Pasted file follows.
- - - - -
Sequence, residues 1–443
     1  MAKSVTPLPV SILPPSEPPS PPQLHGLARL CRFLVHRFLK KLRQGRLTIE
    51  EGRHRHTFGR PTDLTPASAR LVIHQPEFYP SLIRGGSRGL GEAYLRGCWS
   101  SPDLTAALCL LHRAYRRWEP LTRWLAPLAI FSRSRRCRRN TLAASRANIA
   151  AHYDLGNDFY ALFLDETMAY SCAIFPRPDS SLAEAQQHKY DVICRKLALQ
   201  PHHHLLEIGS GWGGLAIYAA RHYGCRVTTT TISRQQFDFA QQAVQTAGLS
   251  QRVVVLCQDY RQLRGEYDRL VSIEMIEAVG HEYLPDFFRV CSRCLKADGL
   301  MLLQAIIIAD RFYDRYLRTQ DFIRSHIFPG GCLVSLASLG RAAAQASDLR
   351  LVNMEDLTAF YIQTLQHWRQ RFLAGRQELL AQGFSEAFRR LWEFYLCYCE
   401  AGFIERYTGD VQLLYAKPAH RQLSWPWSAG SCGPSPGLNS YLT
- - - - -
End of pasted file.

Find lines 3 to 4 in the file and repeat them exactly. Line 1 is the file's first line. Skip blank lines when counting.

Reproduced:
    51  EGRHRHTFGR PTDLTPASAR LVIHQPEFYP SLIRGGSRGL GEAYLRGCWS
   101  SPDLTAALCL LHRAYRRWEP LTRWLAPLAI FSRSRRCRRN TLAASRANIA